George Washington, Thomas Jefferson, and Andrew Jackson, for all their flaws, were more than their slave-owning ways. I’m not particularly fond of any of them, and had I lived in their time, they certainly would have regarded me as dirt. Jefferson made that perfectly clear in his book Notes on the State of Virginia, a literary work in which he quibbled over the inferior smell of Black people.

But then, most white men would have looked down on me. I’m currently reading The Autobiography of Benjamin Franklin, in which he writes about Native Americans and “the design of Providence to extirpate these savages in order to make room for cultivators of the earth.” I’ll never think of him in the same way again. But I don’t want to erase him or cancel him. Without the efforts of Franklin — the man who helped establish one of the first public libraries in the U.S., invented the lightning rod, and procured the financial assistance of France during the Revolutionary War — the U.S. might never have existed.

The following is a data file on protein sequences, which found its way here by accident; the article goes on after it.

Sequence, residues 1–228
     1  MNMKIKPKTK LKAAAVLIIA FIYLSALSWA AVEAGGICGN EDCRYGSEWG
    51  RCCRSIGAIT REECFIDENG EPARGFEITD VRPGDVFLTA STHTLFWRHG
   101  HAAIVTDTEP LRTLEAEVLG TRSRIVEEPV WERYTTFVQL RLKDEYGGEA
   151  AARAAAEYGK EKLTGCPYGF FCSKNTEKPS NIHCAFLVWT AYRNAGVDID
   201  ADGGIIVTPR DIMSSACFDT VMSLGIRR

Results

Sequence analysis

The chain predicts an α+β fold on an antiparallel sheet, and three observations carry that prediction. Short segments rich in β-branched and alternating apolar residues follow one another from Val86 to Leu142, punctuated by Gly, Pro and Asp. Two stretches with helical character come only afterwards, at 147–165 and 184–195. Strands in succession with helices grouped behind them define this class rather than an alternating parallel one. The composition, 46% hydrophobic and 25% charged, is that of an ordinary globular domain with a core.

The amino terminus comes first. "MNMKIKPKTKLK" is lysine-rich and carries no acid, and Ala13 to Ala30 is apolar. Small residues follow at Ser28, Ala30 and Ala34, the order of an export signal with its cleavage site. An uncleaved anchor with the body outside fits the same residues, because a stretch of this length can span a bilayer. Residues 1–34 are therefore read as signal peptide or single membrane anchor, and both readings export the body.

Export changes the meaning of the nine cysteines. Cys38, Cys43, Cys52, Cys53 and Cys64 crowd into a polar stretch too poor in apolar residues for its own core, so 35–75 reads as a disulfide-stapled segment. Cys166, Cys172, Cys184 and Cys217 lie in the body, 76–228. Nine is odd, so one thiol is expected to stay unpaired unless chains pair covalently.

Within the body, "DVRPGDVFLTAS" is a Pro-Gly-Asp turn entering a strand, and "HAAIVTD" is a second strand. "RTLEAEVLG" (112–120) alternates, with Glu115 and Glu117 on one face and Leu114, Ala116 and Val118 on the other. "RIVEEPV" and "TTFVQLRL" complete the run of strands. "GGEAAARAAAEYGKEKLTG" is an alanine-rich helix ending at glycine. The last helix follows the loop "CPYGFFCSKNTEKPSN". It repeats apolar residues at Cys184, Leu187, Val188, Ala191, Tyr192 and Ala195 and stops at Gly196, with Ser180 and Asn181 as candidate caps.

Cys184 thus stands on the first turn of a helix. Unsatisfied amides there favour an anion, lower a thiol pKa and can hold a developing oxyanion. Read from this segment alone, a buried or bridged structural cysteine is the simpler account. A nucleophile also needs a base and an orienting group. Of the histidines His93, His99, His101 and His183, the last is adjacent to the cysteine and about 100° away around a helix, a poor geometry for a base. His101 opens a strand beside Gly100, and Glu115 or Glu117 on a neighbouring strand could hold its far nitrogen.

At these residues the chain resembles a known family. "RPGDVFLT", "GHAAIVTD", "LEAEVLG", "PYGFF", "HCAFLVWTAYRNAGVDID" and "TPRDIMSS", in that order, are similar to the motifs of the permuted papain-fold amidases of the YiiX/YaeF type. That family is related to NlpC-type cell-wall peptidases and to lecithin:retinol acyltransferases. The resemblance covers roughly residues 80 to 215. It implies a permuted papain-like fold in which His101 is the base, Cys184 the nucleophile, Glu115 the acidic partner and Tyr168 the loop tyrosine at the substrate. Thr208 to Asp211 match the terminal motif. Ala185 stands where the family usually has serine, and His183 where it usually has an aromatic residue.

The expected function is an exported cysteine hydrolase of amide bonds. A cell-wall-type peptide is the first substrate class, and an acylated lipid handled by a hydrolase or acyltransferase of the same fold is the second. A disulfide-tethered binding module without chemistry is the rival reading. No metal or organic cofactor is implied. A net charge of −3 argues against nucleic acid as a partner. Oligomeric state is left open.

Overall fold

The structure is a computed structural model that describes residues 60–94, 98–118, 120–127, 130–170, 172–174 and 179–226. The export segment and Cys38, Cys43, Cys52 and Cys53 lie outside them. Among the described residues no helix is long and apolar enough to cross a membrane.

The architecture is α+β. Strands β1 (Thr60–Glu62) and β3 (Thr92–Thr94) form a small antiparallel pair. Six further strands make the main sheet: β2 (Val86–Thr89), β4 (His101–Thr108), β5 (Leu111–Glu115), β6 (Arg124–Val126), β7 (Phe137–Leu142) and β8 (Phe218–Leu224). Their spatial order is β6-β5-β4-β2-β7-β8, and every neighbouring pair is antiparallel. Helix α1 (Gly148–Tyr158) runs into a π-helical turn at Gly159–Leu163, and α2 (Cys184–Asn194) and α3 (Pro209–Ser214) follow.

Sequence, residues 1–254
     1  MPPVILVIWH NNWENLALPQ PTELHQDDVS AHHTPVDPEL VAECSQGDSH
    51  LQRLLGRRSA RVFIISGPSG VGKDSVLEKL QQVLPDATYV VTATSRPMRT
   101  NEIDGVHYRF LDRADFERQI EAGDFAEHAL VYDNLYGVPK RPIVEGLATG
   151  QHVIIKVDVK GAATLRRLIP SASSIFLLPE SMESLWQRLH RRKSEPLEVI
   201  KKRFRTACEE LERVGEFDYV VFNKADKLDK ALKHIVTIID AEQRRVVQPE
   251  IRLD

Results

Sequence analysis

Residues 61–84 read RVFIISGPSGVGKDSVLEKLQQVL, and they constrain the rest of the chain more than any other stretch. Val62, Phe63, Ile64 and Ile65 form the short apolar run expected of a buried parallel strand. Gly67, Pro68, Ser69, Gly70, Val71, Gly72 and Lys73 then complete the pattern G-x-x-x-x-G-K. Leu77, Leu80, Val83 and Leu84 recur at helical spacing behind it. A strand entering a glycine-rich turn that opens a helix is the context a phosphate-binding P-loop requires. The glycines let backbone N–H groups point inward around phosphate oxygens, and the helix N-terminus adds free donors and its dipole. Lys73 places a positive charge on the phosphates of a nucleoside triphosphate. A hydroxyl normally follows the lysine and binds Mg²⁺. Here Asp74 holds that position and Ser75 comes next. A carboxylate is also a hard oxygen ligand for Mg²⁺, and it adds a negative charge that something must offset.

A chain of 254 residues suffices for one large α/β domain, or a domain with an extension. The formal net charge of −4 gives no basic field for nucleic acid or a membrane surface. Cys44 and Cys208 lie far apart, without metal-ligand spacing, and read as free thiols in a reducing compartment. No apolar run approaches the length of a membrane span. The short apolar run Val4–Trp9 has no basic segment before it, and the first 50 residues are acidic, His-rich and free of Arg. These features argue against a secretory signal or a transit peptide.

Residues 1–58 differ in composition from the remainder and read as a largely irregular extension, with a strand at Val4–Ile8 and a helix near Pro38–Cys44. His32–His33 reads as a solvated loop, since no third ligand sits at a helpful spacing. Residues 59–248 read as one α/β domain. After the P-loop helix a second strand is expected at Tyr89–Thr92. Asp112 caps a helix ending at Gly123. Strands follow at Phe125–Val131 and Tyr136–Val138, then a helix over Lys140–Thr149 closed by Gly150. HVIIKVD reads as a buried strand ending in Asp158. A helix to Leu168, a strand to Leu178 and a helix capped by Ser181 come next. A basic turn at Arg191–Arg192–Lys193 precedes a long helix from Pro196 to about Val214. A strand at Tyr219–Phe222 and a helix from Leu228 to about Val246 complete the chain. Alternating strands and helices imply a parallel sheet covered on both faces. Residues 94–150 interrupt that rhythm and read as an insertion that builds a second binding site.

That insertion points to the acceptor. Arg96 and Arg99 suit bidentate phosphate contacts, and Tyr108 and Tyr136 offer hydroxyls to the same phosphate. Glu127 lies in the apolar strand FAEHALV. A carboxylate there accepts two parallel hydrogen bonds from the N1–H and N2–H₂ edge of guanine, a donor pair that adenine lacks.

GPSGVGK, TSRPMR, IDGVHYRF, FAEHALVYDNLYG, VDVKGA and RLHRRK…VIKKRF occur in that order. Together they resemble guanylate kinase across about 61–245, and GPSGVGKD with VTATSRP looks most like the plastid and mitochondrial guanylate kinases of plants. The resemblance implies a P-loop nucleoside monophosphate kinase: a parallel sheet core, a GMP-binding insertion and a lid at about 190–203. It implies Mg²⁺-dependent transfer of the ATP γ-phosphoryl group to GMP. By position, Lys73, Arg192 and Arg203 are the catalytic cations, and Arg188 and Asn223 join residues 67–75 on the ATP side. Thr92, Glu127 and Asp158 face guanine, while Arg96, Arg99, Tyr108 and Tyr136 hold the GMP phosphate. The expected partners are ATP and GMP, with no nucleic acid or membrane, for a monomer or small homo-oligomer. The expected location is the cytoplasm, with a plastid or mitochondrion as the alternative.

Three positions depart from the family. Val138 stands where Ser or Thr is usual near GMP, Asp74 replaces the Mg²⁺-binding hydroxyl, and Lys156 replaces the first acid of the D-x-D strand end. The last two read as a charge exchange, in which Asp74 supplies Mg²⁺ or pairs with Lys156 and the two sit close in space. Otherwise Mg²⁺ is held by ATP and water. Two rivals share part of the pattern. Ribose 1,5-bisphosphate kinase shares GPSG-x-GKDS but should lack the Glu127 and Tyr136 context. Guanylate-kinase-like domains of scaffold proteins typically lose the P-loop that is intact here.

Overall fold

The greatest American tragedy is that racism was the cornerstone of the Union, too, and was even written into our national anthem. The country was built, quite literally, by it. That creates an infinitely awkward situation for Black Americans. The majority of the U.S. Presidents before my lifetime were white supremacists. Ten of the first dozen were slave owners at some point. Woodrow Wilson, the man who led the country through World War I was an unrepentant racist who re-segregated the federal government. Harry Truman and Lyndon B. Johnson, despite the advancements Black Americans made during their administrations, did not refrain from using the N-word in private conversation.